Wednesday, May 28, 2014

Thailand: Update--Military Junta Brings in Flag Officers Critical of Thaksin Shinawatra, Curfew Relaxed

According to Reuters, Thailand's military junta has appointed two retired generals with palace connections as advisers, putting powerful establishment figures hostile toward former ousted Prime Minister Thaksin Shinawatra, 64. 

Hoping to show things are getting back to normal, the military also relaxed a night-time 2200-0500 hours curfew brought in after it seized power in a May 22 coup.

Data on Wednesday (May 28) showed trade shrank in April and factory output fell for a 13th straight month, underscoring the damage political unrest has caused and the tough job the military government faces in reviving an economy on the brink of recession.

The junta's team of advisers includes a former defense minister, General Prawit Wongsuwan, and former army chief General Anupong Paochinda. 

COMMENT: A Reuters report in December 2013 revealed that Prawit and Anupong had secretly backed the anti-government protests that undermined the government of Thaksin's sister, Yingluck Shinawatra. 

Yingluck was removed by the Constitutional Court on May 7, for abuse of power and the coup ousted remaining ministers two weeks later.
It is not clear what powers the advisers will have, but their appointment would suggest little prospect of compromise with the Shinawatras.
Deputy army spokesman Winthai Suvaree said 200 people summoned after the coup had been detained, but 124 of them had since been released. Seventy-six were still being held, while another 53 people had not responded to a summons.

Later, the army released at least ten pro-Thaksin "red-shirt" activists including their leader, Jatuporn Prompan.

Yingluck and Suthep Thaugsuban, a former deputy prime minister in a rival government who led six months of protests against her, are among those who have been released.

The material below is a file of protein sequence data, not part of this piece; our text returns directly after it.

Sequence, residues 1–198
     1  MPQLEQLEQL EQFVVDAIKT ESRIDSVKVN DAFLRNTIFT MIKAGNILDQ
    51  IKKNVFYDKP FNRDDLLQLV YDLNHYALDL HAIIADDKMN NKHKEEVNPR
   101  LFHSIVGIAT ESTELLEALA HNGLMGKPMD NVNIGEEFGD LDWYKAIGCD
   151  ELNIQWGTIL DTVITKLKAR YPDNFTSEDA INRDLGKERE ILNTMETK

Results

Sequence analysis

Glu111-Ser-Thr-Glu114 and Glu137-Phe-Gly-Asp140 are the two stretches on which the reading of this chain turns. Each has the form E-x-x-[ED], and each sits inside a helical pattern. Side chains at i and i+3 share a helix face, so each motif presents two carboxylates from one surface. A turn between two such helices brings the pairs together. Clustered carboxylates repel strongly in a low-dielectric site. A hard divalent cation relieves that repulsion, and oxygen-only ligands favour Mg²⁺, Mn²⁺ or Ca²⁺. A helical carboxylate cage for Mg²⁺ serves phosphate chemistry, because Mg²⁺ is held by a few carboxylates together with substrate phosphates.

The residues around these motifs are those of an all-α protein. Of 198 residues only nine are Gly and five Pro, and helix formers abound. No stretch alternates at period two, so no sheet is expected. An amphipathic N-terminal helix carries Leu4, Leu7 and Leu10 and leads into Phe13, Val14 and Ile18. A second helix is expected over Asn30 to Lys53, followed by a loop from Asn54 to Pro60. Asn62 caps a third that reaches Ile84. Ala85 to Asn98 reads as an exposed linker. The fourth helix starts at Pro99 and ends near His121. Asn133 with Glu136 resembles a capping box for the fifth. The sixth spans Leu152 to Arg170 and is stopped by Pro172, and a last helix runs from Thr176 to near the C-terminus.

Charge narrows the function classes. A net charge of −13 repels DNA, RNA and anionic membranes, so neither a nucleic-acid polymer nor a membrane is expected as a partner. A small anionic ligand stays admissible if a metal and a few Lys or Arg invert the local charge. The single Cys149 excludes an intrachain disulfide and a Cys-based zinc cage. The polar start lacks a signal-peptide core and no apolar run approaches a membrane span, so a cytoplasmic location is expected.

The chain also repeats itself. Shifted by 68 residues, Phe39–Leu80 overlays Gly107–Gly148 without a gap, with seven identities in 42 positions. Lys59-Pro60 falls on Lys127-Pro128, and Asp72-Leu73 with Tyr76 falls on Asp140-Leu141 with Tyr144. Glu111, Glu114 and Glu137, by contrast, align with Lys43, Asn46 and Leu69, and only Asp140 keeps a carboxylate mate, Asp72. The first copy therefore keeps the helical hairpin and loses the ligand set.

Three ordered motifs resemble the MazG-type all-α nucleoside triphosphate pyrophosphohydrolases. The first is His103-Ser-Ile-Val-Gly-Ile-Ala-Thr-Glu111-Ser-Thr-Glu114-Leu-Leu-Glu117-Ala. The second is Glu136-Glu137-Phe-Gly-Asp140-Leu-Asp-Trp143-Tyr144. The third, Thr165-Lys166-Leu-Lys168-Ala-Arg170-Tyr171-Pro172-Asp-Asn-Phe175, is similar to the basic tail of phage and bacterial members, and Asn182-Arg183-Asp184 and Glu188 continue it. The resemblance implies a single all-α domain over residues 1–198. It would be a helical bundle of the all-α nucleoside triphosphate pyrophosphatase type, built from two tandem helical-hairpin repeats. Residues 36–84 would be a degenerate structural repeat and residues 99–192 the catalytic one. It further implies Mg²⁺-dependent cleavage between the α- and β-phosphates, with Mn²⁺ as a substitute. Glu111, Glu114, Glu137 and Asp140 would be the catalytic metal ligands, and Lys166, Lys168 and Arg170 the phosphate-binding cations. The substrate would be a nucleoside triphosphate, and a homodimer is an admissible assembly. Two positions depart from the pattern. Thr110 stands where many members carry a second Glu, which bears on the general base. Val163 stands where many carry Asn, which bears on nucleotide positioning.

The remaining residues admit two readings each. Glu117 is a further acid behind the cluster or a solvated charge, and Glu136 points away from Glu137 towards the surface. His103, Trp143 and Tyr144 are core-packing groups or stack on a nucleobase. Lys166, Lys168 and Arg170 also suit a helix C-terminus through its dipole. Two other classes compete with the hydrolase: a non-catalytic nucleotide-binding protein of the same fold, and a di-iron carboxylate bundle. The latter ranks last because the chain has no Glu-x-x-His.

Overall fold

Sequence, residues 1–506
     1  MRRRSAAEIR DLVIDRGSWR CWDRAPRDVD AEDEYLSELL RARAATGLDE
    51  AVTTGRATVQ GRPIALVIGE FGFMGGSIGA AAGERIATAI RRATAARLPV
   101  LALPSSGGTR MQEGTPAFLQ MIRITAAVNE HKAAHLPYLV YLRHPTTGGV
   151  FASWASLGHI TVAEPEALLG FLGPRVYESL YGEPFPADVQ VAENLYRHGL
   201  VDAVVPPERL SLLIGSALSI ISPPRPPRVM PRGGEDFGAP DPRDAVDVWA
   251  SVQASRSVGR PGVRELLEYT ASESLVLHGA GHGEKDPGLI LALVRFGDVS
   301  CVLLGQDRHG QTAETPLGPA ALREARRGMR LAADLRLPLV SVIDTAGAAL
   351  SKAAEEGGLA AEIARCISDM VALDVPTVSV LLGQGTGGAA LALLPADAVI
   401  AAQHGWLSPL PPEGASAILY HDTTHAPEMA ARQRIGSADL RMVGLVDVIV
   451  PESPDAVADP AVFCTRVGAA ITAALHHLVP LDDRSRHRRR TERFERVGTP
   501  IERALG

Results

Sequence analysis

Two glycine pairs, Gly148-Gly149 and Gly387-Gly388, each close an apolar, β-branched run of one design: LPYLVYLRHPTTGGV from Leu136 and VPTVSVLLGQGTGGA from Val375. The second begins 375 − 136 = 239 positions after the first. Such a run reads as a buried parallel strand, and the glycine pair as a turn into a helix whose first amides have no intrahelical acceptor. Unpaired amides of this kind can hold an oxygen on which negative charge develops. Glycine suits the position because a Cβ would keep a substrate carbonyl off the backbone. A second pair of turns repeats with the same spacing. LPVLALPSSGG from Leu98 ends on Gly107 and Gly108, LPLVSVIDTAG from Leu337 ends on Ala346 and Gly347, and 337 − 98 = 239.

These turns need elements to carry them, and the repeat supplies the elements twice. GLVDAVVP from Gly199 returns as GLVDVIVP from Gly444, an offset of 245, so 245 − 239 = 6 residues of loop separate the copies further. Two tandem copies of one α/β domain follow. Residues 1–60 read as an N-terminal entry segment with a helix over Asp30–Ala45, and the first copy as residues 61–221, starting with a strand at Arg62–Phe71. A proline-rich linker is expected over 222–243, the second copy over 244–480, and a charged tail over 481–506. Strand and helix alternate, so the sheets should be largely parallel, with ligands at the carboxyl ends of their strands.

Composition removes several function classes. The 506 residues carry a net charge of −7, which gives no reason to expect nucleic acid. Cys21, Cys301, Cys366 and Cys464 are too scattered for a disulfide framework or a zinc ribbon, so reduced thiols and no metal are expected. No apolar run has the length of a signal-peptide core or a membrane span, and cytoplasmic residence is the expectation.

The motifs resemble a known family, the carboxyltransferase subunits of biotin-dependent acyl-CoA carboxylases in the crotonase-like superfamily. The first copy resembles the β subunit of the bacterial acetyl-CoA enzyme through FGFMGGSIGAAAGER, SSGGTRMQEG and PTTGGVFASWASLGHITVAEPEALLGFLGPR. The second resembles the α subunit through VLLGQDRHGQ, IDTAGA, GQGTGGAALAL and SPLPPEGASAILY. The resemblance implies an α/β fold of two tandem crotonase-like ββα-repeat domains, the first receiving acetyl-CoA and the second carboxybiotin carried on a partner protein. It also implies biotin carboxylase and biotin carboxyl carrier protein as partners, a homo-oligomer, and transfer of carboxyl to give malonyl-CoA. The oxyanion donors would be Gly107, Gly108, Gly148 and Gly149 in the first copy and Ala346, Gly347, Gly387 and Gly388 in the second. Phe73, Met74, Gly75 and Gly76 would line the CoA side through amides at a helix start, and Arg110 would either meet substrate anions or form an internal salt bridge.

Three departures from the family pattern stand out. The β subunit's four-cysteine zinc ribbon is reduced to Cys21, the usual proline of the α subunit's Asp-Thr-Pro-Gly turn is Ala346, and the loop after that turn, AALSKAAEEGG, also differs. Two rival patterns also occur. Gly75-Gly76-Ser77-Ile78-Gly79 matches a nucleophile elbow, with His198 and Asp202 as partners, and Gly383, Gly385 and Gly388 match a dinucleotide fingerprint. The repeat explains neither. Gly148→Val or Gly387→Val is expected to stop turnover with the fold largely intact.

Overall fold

A seven-hour curfew the army imposed after the coup has been shortened to four hours, from 0000 hours to 0500 hours.

The Commerce Ministry reported another slump in imports, down 14.5% in April from a year before as companies, unsure how the politics would develop, stopped importing machinery and consumers reined in spending.

The military has moved quickly to tackle economic problems, notably preparing payments for hundreds of thousands of rice farmers that the ousted Yingluck government was unable to fulfill. 

"We're going to have to continue to calibrate how we'll work with the government and military when they don't show any pathway back to civilian rule," a senior US official told Reuters in Washington. "We're very concerned and there will be an impact on our relationship."

As I have said previously, US Secretary of State John Kerry should move cautiously in not being too critical of the junta, as they could

Thaksin has not commented on the coup except to say he was saddened and hoped the military would treat everyone fairly.

Many Bangkok voters support the establishment and approve of the coup if it means ending Thaksin's influence. They say he is corrupt and disrespectful to the monarchy, an accusation he denies.